Sherman County, Oregon has used wind power to provide a $590 dividend per household every year since 2002

Sierra Dawn McClain, Capital Press

For a region that’s blessed with bountiful natural resources, the Pacific Northwest has largely missed the boat.

We’re not talking about politicians’ willingness to levy taxes on resources and spend the revenue as fast as they collect it. We’re talking about viewing natural resources as public property and sharing the windfall with all citizens.

When the boom in wind power began 17 years ago in Sherman County, Ore., leaders there came up with an idea. Instead of the county simply pocketing property taxes collected from the big wind generators that were sprouting across the countryside, they would share a portion of the money with citizens.

Every head of household who has lived in the county at least a year now receives $590 annually. The idea was to reimburse residents whose views were impeded by wind turbines.

The rest of the money has gone to build a courthouse, school, library, Oregon State University Extension facility and a new covered arena at the fairgrounds.

For a county that has only about 1,800 people, this was a stroke of genius. County leaders should take a bow — and offer a bit of advice to other political leaders in Oregon, Washington, Idaho and elsewhere.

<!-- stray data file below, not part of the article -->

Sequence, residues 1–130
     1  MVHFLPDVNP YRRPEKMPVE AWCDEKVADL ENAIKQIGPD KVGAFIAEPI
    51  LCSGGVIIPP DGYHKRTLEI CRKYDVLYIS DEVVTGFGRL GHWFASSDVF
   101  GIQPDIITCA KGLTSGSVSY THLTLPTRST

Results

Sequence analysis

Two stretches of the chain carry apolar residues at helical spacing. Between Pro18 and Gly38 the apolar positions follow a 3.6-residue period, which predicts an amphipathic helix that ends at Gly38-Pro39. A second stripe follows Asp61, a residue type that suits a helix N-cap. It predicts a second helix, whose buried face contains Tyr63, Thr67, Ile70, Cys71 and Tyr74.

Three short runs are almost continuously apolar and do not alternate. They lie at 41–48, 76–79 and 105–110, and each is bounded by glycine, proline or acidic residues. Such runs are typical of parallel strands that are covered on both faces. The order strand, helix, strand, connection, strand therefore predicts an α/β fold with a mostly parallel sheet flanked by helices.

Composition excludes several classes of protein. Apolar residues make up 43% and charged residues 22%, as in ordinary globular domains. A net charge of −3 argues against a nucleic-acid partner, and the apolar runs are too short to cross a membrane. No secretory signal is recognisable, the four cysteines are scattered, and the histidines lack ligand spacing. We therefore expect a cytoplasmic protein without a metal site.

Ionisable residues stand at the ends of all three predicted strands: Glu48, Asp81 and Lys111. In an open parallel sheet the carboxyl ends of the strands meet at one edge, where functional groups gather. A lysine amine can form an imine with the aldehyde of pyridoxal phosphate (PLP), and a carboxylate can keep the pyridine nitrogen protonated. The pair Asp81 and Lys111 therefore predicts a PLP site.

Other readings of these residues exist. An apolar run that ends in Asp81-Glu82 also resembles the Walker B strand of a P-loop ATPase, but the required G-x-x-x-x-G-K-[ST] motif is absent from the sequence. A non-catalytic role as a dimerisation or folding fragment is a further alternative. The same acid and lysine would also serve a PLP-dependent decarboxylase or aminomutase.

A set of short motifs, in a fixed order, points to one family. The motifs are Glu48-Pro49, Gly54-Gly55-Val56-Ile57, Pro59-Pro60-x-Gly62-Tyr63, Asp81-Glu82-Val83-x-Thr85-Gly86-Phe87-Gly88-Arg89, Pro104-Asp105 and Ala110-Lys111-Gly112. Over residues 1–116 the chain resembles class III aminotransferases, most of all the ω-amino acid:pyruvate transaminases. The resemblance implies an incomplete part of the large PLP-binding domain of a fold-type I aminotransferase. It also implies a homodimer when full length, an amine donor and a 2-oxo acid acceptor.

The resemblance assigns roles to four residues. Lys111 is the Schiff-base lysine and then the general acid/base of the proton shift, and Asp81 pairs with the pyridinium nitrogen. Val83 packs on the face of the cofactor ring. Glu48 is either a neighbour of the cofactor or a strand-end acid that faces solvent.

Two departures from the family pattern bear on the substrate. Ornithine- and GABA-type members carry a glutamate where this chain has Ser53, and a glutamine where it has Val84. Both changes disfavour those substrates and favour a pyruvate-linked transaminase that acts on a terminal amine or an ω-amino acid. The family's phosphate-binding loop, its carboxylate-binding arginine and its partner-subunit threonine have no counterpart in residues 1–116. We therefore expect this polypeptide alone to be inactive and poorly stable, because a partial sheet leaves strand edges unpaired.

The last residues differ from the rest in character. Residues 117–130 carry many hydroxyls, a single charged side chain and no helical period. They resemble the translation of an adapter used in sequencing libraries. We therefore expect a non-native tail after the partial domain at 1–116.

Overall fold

The idea was patterned after the Alaska Permanent Fund, which was created in 1976 by a constitutional amendment that allowed the state to set aside 25% of its revenue from oil pumped from the state-owned Prudhoe Bay oil field. That money was deposited in a diversified investment account. Politicians cannot spend it for anything without a vote of the people.

Earnings from the fund are divvied up and sent to every man, woman and child in the form of a dividend check. Last year, each check was for $1,600. This year’s dividend hasn’t yet been decided.

The value of the Permanent Fund nowadays is north of $60 billion.

We think the folks in Sherman County and Alaska are onto something. Particularly when publicly owned natural resources are involved, citizens deserve some of the revenue. We fully understand that politicians may be unlikely to cede their power over the money, but they should remember: It’s not their money.

The outcome of paying dividends to citizens is extraordinary. It gives them a direct interest in government. Instead of constantly being hounded for more taxes, they actually receive a direct benefit from the government.

Also, those dividends help drive the economy.

Natural resources — wind, oil, timber, natural gas or minerals — should be treated as the property of the citizens.

There’s an age-old saying in finance — make saving a priority. If you don’t do that — and many politicians shudder at the thought of not spending every penny — you’re leaving yourself vulnerable to the next economic downturn.

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